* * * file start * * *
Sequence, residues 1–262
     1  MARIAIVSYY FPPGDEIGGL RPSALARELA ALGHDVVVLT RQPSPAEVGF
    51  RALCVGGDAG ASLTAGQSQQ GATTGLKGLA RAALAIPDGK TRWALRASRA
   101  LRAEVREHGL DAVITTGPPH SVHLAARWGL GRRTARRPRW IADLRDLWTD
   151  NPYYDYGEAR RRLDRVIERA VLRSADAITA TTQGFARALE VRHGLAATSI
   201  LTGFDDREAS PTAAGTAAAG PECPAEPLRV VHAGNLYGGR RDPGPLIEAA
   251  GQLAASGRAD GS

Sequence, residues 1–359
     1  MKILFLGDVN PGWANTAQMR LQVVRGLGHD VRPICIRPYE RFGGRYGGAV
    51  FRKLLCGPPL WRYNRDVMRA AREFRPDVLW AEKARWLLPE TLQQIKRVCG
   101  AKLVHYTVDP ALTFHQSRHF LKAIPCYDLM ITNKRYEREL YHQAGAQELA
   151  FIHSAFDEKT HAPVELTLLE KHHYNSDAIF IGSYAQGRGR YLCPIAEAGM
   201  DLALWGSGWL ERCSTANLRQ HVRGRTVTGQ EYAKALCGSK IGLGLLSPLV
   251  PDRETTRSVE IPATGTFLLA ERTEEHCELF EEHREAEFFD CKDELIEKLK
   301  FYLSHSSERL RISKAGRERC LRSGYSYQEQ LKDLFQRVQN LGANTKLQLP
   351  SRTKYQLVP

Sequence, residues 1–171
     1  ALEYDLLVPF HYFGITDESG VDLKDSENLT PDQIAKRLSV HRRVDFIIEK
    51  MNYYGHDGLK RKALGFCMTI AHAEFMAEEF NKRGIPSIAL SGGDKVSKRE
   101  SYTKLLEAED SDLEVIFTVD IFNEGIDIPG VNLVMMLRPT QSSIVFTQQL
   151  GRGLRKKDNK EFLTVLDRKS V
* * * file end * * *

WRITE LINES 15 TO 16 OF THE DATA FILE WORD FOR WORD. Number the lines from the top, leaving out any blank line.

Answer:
   301  FYLSHSSERL RISKAGRERC LRSGYSYQEQ LKDLFQRVQN LGANTKLQLP
   351  SRTKYQLVP